From: "Pete B." <P.J.Bunyon@newcastle.ac.uk> Date: 15 Jun 95 14:25:29 References: 1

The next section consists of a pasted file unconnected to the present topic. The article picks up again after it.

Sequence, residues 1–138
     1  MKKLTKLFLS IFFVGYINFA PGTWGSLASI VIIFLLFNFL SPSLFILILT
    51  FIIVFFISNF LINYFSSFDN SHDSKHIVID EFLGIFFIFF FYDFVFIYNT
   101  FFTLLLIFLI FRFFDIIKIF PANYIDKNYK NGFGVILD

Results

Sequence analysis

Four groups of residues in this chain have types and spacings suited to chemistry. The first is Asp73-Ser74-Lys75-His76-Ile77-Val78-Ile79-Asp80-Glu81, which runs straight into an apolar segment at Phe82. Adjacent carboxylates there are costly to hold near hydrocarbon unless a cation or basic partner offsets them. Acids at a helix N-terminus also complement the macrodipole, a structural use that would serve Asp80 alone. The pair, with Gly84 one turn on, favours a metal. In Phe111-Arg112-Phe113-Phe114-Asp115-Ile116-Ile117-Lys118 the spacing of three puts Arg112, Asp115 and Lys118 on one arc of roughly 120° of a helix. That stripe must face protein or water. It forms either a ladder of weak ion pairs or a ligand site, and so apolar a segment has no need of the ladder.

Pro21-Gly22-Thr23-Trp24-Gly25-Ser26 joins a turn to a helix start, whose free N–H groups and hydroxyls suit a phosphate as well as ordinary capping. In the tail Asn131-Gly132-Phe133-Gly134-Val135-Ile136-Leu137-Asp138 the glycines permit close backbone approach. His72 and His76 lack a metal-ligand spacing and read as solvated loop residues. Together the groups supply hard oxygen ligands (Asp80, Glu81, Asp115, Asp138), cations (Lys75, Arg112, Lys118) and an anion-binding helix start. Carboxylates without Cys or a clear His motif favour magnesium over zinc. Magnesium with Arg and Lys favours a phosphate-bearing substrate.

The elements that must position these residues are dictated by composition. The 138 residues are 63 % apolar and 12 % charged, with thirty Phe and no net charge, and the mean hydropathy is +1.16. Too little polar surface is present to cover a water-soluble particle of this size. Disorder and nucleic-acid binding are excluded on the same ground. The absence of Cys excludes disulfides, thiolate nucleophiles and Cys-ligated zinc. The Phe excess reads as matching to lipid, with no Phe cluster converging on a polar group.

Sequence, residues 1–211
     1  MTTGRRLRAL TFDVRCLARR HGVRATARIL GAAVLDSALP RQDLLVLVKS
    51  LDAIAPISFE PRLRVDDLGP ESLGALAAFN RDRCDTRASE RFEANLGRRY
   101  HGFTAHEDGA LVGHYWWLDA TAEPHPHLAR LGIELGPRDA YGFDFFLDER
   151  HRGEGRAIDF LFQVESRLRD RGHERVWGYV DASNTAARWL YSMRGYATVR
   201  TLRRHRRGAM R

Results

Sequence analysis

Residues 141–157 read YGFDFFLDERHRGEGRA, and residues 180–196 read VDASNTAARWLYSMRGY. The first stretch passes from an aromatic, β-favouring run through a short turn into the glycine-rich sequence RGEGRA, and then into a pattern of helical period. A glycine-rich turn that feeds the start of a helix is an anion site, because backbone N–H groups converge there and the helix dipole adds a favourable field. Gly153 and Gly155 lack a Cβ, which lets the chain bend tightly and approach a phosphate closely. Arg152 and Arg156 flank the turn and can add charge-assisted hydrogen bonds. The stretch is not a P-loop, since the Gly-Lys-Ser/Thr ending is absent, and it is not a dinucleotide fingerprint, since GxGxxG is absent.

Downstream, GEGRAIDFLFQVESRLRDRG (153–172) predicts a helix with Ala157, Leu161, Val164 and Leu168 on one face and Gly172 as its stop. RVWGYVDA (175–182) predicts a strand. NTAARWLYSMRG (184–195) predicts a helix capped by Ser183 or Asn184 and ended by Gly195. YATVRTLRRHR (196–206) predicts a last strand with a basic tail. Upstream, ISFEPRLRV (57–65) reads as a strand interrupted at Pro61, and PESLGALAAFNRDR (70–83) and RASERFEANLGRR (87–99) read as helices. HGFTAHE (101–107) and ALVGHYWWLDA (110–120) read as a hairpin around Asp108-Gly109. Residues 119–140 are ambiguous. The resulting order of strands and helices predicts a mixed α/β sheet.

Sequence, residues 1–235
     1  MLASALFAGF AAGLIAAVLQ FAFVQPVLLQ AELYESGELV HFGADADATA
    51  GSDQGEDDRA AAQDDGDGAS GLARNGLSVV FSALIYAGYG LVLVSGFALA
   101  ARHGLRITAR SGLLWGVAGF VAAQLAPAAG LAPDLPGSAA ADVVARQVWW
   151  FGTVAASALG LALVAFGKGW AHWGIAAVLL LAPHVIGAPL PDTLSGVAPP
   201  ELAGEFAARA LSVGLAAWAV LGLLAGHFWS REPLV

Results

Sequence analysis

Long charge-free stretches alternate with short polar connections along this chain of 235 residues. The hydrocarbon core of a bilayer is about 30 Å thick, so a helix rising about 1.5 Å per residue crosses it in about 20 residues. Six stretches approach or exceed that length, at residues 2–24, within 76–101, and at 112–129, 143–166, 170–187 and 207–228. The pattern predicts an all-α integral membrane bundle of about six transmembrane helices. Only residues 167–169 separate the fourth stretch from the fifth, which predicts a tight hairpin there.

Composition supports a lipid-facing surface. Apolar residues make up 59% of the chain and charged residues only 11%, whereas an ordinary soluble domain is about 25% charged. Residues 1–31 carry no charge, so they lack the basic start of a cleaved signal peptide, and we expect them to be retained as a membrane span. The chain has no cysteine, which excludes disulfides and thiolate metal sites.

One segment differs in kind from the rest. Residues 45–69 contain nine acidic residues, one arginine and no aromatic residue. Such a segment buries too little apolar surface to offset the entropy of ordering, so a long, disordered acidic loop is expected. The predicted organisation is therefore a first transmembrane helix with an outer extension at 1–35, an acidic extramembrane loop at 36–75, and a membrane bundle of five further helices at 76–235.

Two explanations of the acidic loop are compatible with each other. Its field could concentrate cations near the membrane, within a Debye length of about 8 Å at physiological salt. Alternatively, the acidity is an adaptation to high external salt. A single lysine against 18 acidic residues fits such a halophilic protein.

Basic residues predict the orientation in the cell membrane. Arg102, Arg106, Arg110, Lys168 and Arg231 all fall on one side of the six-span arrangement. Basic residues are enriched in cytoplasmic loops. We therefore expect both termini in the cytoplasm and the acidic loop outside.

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On 15 Jun 1995, Andy Tompson wrote: > finding good altitudes where the headwinds were low. I got to thinking how > headwinds can be measured from the plane. Now, I guess there are pitot tubes on > the plane that can be used to the wind speed relative to the plane. Do they > just subtract groundspeed to get the headwinds? If so, how do they measure the > groundspeed? Is there some type of correlation as a function of density, > temperature, and throttle setting (specific to the plane)? Is there some type > of differential measurement made with data from different parts of the airframe > to measure headwinds? Maybe this is all relatively simple, so maybe someone can > clear the air, as it were. Thanks in advance. Hi Andy. I think I'm correct in saying that commercial aircraft use a doppler system to detect groundspeed. Basically, this uses 3 or 4 beams which are sent out in different directions around the aircraft. By measuring the Doppler shift from each of the returned beams, the groundspeed can be determined. Then, by knowing the airspeed and heading, a vector triangle can be constructed from which the wind speed and direction can be determined. The Doppler system is also an input to the flight management system and is used in conjunction with other input devices to determine the aircraft's position. Obviously, if you know the velocities in different directions over a period of time, it is simple to determine position. Hope this helps. Cheers, Pete.